Apr 20, 2010 (CIDRAP News) In the biggest and most detailed look yet at pandemic flu infections in pregnant women, researchers from the US Centers for Disease Control and Prevention (CDC) reported today that early antiviral treatment was linked to fewer intensive care unit (ICU) admissions and that severe illnesses and deaths are more likely to occur during the third trimester.
The CDC researchers, along with a Pandemic H1N1 Influenza in Pregnancy Working Group made up of health officials from several states, based their findings on reports of pregnant women who were sick with pandemic H1N1 infections through August plus more recent reports of women who were admitted to ICUs. The findings appear in the Apr 21 issue of the Journal of the American Medical Association (JAMA).
Though several reports of H1N1 infections in pregnant women have been reported in the medical literature, the new JAMA report is the first nationwide US summary to be published since early in the pandemic when the CDC reported on a series of 34 pregnant women, the authors noted.
In the early months of the pandemic, federal officials warned that pregnant women could be at higher risk for complications, as they were during previous pandemics. Pregnancy-related changes in immune, cardiac, and respiratory systems are thought to contribute to the greater risk.
As pandemic infections mounted last year, it became clear that the risk was real. Reports suggest that although pregnant women make up only about 1% of the US population, they accounted for 5% of all reported pandemic H1N1 deaths. Federal officials placed pregnant women at highest priority for the vaccine and have repeatedly urged clinicians to begin antiviral treatment early in pregnant patients, at the first sign of symptom onset.
Today's report pinpoints trends from reports of 788 flu cases in pregnant women that the CDC received through Aug 21 and explores reports of an additional 165 women who were admitted to ICUs from Aug 21 through Dec 31. Last August the CDC asked state health departments, along with some major metropolitan areas, to provide additional information such as gestational age, illness onset, and underlying conditions using a standardized form for all confirmed and probable pandemic infections in pregnant women.
In the middle of October the CDC launched its Pregnancy Flu Line and asked all state and metropolitan health departments to submit reports for severely ill pregnant womenthose who were admitted to the ICU or died.
Researchers found that pregnant women who began antiviral treatment more than 4 days after symptoms appeared were six times more likely to be admitted to an ICU than those who were treated within 2 days of symptom onset (56.9% versus 9.4%). Of the 588 women for whom treatment information was provided, 509 received treatmentabout 84% received oseltamivir (Tamiflu).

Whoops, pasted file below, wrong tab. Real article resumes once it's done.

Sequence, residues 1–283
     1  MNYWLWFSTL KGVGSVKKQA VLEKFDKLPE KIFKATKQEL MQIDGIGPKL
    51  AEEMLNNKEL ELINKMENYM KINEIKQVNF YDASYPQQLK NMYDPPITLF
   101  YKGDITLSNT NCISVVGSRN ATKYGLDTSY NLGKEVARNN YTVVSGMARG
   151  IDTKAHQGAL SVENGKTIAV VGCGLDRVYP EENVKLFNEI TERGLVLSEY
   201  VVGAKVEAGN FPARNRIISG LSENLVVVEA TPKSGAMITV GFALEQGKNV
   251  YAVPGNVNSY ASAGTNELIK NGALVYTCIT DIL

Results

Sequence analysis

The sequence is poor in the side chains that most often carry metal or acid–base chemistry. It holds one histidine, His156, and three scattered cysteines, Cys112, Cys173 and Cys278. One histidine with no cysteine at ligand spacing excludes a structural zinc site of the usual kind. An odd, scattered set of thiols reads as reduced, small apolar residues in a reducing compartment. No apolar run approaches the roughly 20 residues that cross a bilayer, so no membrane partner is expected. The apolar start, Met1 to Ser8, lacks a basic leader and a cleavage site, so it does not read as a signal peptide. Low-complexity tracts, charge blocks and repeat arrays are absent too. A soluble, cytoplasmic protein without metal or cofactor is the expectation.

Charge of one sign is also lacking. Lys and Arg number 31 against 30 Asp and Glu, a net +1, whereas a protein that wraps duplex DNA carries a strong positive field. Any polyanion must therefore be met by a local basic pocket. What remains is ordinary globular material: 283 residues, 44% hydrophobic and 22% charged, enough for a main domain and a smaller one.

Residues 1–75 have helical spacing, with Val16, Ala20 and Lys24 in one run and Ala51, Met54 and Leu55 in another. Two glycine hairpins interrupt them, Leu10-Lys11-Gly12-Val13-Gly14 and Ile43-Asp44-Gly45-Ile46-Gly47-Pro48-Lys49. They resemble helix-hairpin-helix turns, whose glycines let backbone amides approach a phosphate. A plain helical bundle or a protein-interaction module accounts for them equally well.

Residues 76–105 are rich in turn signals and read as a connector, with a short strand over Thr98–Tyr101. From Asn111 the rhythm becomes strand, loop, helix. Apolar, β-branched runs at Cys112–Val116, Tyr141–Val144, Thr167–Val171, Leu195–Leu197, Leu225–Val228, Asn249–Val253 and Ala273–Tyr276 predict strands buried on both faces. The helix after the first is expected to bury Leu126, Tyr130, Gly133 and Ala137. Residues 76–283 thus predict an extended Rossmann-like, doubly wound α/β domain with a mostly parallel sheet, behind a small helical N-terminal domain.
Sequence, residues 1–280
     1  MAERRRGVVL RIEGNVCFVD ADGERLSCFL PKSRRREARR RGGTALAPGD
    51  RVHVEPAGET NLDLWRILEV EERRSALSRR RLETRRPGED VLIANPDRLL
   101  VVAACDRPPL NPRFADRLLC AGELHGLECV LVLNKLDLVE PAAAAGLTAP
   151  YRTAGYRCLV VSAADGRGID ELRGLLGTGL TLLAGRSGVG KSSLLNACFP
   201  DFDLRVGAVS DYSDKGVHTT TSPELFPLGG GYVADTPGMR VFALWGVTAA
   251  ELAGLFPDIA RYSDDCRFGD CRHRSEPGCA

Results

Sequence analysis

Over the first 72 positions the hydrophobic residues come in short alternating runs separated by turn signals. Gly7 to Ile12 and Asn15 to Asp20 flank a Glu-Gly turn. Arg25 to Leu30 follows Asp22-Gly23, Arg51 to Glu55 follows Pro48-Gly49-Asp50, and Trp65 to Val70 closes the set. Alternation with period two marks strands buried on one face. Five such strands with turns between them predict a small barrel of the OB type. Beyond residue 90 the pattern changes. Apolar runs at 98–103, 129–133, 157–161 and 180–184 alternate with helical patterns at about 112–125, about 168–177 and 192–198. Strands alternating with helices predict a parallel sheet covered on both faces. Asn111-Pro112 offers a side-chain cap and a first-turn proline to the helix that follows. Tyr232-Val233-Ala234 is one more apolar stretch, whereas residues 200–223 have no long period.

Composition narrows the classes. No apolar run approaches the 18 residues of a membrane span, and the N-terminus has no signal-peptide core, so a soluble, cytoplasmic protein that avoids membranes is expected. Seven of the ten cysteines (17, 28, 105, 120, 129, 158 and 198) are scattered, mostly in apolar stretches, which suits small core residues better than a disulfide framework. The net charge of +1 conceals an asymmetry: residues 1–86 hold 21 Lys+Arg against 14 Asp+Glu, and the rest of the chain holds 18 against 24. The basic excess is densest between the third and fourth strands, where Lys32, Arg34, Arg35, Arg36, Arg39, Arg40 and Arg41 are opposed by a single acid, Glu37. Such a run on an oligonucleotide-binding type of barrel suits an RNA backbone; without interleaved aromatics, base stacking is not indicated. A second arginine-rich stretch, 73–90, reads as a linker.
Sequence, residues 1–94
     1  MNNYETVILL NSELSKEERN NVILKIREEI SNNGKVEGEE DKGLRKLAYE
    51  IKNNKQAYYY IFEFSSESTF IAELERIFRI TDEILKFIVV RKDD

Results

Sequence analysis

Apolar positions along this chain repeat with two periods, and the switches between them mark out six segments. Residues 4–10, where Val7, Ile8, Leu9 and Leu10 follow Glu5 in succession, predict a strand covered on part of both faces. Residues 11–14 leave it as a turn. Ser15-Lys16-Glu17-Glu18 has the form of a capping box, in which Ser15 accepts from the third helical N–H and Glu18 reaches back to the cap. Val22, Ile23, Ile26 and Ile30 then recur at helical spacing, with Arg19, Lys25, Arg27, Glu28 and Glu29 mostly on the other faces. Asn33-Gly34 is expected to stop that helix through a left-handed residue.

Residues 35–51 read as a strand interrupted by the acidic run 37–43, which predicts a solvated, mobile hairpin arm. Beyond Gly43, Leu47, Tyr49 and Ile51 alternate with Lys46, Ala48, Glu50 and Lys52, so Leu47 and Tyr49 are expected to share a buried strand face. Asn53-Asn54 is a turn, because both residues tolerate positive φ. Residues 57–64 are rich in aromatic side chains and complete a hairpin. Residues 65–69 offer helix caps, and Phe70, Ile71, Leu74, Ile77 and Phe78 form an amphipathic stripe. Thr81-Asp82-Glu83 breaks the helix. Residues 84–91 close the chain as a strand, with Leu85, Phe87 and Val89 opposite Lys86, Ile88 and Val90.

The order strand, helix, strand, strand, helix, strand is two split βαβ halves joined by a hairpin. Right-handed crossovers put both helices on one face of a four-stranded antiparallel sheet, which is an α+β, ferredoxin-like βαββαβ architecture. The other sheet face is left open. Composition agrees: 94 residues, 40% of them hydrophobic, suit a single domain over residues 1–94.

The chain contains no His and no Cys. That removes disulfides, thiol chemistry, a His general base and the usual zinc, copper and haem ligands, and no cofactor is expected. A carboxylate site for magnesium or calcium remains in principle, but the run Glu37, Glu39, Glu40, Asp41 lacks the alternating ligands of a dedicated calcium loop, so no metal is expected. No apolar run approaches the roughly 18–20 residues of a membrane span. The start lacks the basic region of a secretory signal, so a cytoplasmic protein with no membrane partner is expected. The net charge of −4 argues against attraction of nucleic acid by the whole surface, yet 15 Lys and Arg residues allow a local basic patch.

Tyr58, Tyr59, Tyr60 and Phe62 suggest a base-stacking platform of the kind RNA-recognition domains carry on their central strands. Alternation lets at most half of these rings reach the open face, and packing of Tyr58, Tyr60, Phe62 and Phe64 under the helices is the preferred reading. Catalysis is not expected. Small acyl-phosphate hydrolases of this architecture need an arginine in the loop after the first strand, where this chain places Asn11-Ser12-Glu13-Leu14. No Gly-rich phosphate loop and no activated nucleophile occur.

Women in their second and third trimesters were almost equally represented among the cases reported (42% and 46%), but of the 30 women with flu who died, 60% were in their third trimester, the group reported. Though severe illnesses occurred in all three trimesters, the proportion during the third trimester was higher.
Among other patterns to emerge from the data, Hispanic women were the most commonly reported racial group, though white women were at the top of the fatality list.
The CDC received reports of underlying conditions for 432 of the cases. The most common were asthma, obesity, and presentational or gestational diabetes. Among pregnant women who died, asthma was the most frequently reported underlying condition.
The group wrote that their findings confirm public health recommendations for early antiviral treatment and flu vaccination for pregnant women. They urged that pregnant women with flu symptoms receive empirical antiviral treatment without waiting for the results of diagnostic tests. They also said the data suggest an antiviral benefit, even when treatment is started as many as 4 days after symptom onset.
Findings support a continued push for pandemic flu vaccination in pregnant women, the group wrote. An earlier CDC study suggested that pandemic vaccine uptake was about 38% in pregnant women, which is higher than for the seasonal flu vaccine but not as high as health officials had hoped.
Kevin Ault, MD, associate professor of gynecology and obstetrics at Emory University School of Medicine in Atlanta, told CIDRAP News that antiviral therapy looks very impressive in the study. "It's clear that this is going to tip the balance toward treatment," he said.
Though the public health officials have advised early antiviral treatment for several months now, the study adds backbone to the recommendations, he said.
The medical literature has some data about uptake of the pandemic vaccine in pregnant women, but not much is known about use of antivirals, Ault said. He added that the American College of Obstetrics and Gynecology came out early with e-mail pitches about antiviral use in this group to physicians, which he says has helped build awareness in the medical community on the importance of early antiviral treatment for pregnant women.
Siston AM, Rasmussen SA, Honein MA, et al. Pandemic 2009 influenza A (H1N1) virus illness among pregnant women in the United States. JAMA 2010 Apr 21;303(15):1517-25 [Abstract]